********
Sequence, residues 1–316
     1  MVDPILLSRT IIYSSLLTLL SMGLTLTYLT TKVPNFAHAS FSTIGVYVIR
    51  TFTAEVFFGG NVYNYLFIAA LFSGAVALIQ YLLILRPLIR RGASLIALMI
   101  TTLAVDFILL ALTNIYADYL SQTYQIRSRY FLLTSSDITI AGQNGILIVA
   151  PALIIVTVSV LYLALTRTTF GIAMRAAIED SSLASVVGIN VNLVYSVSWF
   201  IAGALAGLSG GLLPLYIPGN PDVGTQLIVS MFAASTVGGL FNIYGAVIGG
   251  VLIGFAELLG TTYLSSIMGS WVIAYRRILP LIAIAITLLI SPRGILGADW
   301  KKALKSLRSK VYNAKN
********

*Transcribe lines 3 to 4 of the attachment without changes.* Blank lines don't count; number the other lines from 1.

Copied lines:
    51  TFTAEVFFGG NVYNYLFIAA LFSGAVALIQ YLLILRPLIR RGASLIALMI
   101  TTLAVDFILL ALTNIYADYL SQTYQIRSRY FLLTSSDITI AGQNGILIVA